This post is the first in a four-part series on how high-tech companies can improve coverage of the “big middle” market segment.
While many high-tech companies are busy chasing large enterprise and SMB customers, one segment of the market—companies with $100 million to $1 billion in annual sales, referred to as the “big middle”—often gets lost in the shuffle. According to ZS analysis, there are about 30,000 such companies in the U.S., spending more than $150 billion each year on technology and making up about 21% of total IT spending. Unfortunately, many high-tech companies struggle to sell to and serve this attractive market segment.
Our recent survey of 86 sales and marketing executives at U.S.-based high-tech companies found that when it comes to the go-to-market strategy for the big middle, there’s definitely room for improvement. Only 28% of the executives surveyed described their companies as “leaders” that have very high proficiency in big middle go-to-market planning. Thirty-five percent of surveyed executives believe their companies are “laggards” that have significant go-to-market planning challenges for this market segment.
The recent ZS research yielded insights that can help sales and marketing executives address these challenges and capitalize on the big middle opportunity. Here are the key findings from the recent ZS survey, and how high-tech companies can improve coverage of the big middle segment:
- IT spending in the big middle is highly concentrated. Of the total big middle IT spending in the U.S., 72% comes from just five industries, and 50% of IT spending in the big middle comes from companies based in just eight states. High-tech companies that are able to zero in on the high potential customers and prospects in this segment can allocate their sales and marketing resources to optimize coverage. Companies that don't segment the big middle across both industries and geographies often take a suboptimal “peanut butter spread” approach to resource allocation that leads to coverage gaps in some areas and unnecessarily high cost of sales in others.
- Utilize channel partners to create and fulfill big middle opportunities. More than 75% of high-tech companies surveyed utilize a hybrid sales strategy including a mix of direct and indirect sales channels to cover the big middle. However, many companies that have adopted hybrid sales strategies often haven’t clearly defined vendor and partner roles. Even if roles are defined clearly, in some cases big middle channel strategy is out of sync with customer channel preferences. Partners are utilized solely to fulfill orders that are generated by the vendor, even when customers would prefer to primarily engage the partner. As a result, vendors rely too heavily on costly direct channels, often a field-based direct sales force that is spread too thin and cannot cover the big middle effectively. Understanding how and where to utilize channel resources effectively to reduce overdependence on costly field sales resources and better align to customer preferences is crucial.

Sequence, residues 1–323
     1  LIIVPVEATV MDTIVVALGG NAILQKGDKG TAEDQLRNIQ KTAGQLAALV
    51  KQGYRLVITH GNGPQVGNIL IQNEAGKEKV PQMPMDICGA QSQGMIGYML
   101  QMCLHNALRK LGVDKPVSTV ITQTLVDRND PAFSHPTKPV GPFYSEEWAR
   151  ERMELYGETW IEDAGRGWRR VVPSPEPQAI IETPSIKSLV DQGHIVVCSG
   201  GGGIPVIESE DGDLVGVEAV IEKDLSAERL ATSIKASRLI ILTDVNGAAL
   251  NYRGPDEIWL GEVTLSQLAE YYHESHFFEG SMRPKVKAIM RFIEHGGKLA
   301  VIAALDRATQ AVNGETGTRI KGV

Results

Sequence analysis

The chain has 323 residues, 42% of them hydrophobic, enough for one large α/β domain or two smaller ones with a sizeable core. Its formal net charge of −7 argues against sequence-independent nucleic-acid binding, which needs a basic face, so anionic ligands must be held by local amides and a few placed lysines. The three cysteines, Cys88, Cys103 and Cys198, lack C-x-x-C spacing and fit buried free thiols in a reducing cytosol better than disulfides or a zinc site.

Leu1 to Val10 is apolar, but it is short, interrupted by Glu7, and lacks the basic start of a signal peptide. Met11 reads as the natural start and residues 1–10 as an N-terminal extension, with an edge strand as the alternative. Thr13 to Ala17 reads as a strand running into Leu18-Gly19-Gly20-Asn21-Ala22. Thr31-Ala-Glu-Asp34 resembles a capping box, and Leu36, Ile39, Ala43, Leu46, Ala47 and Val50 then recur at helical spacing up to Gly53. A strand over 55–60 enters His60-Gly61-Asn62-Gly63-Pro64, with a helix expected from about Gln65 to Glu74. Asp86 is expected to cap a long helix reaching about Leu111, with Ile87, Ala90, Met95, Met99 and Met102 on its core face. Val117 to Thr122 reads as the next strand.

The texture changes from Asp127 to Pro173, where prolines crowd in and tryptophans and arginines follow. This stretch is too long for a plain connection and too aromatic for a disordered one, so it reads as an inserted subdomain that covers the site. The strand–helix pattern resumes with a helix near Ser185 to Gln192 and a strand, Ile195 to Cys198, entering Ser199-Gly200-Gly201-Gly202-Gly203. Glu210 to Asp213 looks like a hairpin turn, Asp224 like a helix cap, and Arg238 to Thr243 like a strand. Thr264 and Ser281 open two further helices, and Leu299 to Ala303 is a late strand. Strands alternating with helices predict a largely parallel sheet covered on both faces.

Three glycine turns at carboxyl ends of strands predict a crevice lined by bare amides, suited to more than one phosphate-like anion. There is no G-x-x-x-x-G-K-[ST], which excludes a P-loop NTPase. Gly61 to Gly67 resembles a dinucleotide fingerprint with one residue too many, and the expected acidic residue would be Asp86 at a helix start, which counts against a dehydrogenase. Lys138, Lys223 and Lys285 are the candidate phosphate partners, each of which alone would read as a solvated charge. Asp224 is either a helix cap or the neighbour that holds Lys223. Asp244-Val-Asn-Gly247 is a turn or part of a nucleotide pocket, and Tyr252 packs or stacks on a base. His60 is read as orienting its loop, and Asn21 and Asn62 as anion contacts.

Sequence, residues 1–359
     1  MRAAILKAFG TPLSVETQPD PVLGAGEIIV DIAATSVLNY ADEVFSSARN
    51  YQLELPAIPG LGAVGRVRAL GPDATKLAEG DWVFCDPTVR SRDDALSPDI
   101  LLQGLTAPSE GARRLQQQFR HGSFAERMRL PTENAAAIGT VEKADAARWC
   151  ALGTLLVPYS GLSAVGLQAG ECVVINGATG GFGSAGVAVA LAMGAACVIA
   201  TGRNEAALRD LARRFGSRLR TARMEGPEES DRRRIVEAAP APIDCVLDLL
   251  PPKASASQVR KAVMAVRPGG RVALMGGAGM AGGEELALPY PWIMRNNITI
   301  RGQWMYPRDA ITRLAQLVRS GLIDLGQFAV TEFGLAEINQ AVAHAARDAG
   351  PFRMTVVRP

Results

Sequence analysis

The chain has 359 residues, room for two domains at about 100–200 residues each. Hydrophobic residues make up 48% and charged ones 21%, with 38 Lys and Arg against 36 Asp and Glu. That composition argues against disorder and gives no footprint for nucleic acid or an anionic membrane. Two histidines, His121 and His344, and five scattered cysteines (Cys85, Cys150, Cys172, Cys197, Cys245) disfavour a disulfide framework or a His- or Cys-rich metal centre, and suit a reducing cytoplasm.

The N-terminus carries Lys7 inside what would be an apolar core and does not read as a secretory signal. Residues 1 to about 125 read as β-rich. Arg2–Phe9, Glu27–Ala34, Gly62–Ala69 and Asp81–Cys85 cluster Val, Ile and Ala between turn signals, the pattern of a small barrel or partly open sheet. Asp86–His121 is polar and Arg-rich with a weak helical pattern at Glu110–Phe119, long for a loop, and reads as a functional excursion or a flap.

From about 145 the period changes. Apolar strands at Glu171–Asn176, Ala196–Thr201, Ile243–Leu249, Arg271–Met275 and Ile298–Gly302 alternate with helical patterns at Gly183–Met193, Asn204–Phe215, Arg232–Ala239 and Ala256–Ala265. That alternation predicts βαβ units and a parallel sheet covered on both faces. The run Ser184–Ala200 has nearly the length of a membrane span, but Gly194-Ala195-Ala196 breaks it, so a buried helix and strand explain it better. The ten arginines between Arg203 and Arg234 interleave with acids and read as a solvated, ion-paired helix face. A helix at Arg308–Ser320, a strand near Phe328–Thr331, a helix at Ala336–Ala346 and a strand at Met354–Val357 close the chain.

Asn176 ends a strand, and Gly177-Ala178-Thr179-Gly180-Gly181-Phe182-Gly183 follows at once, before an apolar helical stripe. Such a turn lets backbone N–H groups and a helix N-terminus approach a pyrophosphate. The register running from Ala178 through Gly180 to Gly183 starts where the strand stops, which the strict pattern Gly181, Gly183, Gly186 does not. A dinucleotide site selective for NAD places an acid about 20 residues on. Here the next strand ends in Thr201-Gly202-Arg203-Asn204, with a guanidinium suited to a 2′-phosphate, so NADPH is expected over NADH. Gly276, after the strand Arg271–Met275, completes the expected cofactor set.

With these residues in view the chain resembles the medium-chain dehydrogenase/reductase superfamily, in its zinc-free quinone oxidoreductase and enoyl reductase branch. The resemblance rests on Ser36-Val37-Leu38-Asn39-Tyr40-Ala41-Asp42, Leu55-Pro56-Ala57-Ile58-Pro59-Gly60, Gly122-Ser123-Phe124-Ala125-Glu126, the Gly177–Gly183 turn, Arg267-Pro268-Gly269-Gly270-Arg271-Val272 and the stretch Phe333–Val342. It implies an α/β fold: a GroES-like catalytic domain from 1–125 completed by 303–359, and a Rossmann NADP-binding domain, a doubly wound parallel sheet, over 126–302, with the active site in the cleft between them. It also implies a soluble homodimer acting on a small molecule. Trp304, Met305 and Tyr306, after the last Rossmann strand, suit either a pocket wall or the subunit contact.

- Don’t rely on the sales team for data and analytics. Industry leaders leverage the marketing department for sales enablement, lead generation and qualification, and data management and analytics, to a much greater extent in the big middle. Sales teams that struggle to cover the big middle effectively are often hindered by “role pollution.” A sales reps is asked to be a “jack of all trades” and spend an inordinate amount of time mining datasets to find new opportunities, sifting through unqualified leads and developing material they need to engage new prospects instead of focusing on the work that they’re good at: acquiring customers and closing sales.
- There’s no “one size fits all” approach. Big middle customers’ buying behavior and channel preferences often vary significantly based on their level of IT expertise and the complexity of the transaction. More complex purchases require a greater level of demonstrated expertise, which are better served by field sales reps, while low-complexity purchases can be more easily handled by channel partners, inside sales or e-commerce channels. Understanding how your target customers learn about, shop for, purchase and consume technology is critical when defining your big middle go-to-market strategy.
By following these guidelines, high-tech companies can better sell to and serve the big middle and capitalize on the enormous potential of this large and growing market segment.
For the full findings and analysis, check out “High-Tech’s Missed Opportunity: Tapping Into the Big Middle,” and stay tuned for the next post in our series, where we’ll discuss how adjustments to the field sales role could better position companies to reach the big middle.
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